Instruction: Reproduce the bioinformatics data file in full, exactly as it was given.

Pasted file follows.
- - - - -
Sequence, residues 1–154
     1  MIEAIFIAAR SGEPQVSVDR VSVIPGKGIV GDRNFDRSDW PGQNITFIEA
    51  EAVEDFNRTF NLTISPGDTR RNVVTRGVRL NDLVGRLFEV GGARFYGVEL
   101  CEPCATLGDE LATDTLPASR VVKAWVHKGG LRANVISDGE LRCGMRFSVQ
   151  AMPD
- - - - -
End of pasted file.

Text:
Sequence, residues 1–154
     1  MIEAIFIAAR SGEPQVSVDR VSVIPGKGIV GDRNFDRSDW PGQNITFIEA
    51  EAVEDFNRTF NLTISPGDTR RNVVTRGVRL NDLVGRLFEV GGARFYGVEL
   101  CEPCATLGDE LATDTLPASR VVKAWVHKGG LRANVISDGE LRCGMRFSVQ
   151  AMPD